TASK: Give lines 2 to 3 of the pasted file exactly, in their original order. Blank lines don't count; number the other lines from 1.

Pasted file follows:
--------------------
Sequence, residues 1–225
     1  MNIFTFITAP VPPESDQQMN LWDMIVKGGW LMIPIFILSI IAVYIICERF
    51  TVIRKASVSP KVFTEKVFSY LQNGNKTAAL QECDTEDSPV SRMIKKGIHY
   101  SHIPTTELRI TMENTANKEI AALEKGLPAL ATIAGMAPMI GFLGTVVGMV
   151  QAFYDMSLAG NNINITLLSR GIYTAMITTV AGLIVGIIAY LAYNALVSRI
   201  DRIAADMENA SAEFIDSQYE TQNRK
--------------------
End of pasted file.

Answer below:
     1  MNIFTFITAP VPPESDQQMN LWDMIVKGGW LMIPIFILSI IAVYIICERF
    51  TVIRKASVSP KVFTEKVFSY LQNGNKTAAL QECDTEDSPV SRMIKKGIHY